I feel like, as long as the internet exists, piracy will exist along with it. Ending piracy is not a realistic goal. The trick is to make piracy inconvenient compared to paying for music, and unfortunately, stream ripping appears to be pretty damn convenient. Google could update their website so the software doesn’t work, though it would likely only take a day or two for someone to come out with updated software that bypasses whatever fix they attempted to make. You could try to shut down the distributor of the software (which does bypass DRM, making it illegal under DMCA), but then 10 more programs pop up in it’s place.

    Perhaps the solution is to do all those things anyway. It won’t stop stream ripping, but if people have to update their software all the time, it may make it more convenient to just pay $10/month for a streaming subscription and not have to worry about it.

    I do believe that even in spite of this form of piracy, and the low royalty rates, the music industry is still in better shape with streaming than without it. If we were all still relying solely on iTunes downloads and CDs to make money, piracy would’ve wiped us out by now. I do think relying solely on streaming for revenue is a bad idea, and we should window new releases as CDs and iTunes downloads to maximize revenue. I also think that all ad-supported services should be non-interactive in nature, and we need to find a way to put pressure on Spotify and Youtube to end or severely limit their ad-supported interactive offerings. But streaming certainly has a significant role in our industry. The important thing is not to end piracy, but to do everything we can to maximize revenue for artists, songwriters and rights holders. If whatever form that takes results in some piracy, so be it.

  2. doktor audio

    with everybody being online all the time, why is it still necessary to rip content off the web? if your phone dies, you still lose everything.

    as watching an ad is the oft only price for consumption of music or any other content, why is using adblockers not (!) considered piracy?

    and most importantly, what about the headline? has streaming evoked this form of piracy or not? napster and kazaa were as easy back then. one click away.

    please expand on why you think it is new. thanks.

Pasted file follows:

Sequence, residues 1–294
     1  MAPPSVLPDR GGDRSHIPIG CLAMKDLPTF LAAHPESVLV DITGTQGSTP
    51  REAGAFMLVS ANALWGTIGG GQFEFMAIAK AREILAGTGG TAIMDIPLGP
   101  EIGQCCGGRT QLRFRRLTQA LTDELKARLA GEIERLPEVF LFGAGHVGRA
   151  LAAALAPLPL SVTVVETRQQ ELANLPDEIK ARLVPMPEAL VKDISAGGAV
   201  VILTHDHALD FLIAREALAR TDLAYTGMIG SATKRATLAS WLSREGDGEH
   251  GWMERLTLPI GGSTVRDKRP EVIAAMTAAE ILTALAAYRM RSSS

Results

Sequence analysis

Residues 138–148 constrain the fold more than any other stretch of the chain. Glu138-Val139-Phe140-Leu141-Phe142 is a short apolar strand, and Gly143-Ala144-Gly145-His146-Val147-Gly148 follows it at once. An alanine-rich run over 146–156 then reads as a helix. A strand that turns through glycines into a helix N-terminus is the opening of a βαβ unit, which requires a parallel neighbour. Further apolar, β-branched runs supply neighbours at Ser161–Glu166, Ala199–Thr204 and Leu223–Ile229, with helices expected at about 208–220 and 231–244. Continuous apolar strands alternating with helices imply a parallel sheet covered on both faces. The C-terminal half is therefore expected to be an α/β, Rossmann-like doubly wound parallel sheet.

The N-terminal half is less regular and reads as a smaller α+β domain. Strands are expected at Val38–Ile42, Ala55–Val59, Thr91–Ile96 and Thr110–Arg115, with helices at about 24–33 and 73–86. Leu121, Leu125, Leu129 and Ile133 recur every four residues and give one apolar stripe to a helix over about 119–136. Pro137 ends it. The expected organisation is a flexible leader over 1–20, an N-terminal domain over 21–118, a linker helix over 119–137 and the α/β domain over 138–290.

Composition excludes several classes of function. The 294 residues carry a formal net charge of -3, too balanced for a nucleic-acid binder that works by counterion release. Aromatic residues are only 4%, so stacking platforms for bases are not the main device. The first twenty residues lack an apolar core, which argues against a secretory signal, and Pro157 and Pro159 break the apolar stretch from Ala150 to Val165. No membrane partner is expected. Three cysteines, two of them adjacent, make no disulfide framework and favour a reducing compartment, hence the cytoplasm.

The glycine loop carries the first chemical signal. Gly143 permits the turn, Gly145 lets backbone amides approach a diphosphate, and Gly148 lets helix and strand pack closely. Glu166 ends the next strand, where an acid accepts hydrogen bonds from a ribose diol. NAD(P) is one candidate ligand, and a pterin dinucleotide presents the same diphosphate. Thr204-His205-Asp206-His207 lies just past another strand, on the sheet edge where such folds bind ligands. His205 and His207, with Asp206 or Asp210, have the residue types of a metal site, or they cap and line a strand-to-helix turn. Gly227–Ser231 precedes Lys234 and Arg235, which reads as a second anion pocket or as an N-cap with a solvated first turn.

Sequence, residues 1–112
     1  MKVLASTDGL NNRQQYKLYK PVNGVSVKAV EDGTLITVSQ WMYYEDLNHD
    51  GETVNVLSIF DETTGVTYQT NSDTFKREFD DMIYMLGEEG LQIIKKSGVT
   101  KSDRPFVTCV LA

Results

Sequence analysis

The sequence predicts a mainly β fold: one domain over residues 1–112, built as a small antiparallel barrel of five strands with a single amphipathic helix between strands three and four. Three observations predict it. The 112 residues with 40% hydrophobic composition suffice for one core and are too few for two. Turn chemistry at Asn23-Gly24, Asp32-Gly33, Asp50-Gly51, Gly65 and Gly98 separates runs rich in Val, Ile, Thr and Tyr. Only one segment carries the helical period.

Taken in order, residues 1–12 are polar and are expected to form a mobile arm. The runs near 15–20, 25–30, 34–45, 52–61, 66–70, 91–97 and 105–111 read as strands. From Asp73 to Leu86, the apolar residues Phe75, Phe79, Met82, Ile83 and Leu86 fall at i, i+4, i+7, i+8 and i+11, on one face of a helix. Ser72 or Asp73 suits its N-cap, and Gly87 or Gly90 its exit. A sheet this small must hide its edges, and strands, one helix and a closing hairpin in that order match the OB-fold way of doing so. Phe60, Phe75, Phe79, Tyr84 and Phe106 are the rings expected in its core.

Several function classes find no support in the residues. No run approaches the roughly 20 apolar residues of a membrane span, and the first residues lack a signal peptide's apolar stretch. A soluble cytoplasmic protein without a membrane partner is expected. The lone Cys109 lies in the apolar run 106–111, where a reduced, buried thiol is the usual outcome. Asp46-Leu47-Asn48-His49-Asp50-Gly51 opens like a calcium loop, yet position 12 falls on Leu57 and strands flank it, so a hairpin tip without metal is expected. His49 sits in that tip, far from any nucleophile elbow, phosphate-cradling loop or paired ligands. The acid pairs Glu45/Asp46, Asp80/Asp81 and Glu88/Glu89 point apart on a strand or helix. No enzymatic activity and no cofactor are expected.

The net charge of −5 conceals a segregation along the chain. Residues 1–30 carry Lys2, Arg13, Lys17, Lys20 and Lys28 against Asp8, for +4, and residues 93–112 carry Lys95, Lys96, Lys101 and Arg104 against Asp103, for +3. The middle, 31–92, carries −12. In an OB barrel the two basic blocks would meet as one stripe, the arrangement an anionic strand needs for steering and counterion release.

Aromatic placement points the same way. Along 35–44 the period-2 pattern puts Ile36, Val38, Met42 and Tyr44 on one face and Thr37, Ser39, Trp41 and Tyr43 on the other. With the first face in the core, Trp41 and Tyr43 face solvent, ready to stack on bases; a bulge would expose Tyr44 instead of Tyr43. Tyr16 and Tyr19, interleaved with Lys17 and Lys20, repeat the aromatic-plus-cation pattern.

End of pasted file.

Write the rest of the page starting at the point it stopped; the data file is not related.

3. music stowaway

    In the days when I was young free and single, lot’s of music fans would tape music off the radio or off Top Of The Pops (TV show)..

    Interestingly, they’d often end up buying the records of their
    favorite tunes as well..

    Taping music off the radio is kind of like the old way of ripping
    music, but instead of it being from an online stream.. it’s being taken from an over-the-air broadcast..

    Very naughty indeed…!

  4. Kaëtus

    Hello, I am from Mozambique and recently (this year) I have found spotify.

    Before spotify, I used to download loads of pirated music. As I couldn’t buy the CD Of my preferred artists cause there’s no dedicated CD store in my country.

    In Here, piracy is openly propagated in the streets. Kids sell copys of Beyonce, Rihanna, Justin Bieber on CD and sometimes on flash drives.

    Only recently we started using and trusting online payments. Here the majority of the population don’t even know what’s that all about.

    That’s the thing about globalization from our perspective. The world let me know the great stuff that can’t get… Not Legally at least…

    To keep things in perspective, spotify is not even available in Africa (yes I did some tricks to get it). Even if I am willing to pay, I can’t, they don’t allow my credit card to pass and couldn’t by pass this.

    Anyway, I prefer to have quick and easy access to low quality free spotify music. Than going through the hassle of searching torrents, Russian sites and God knows what to get good quality music.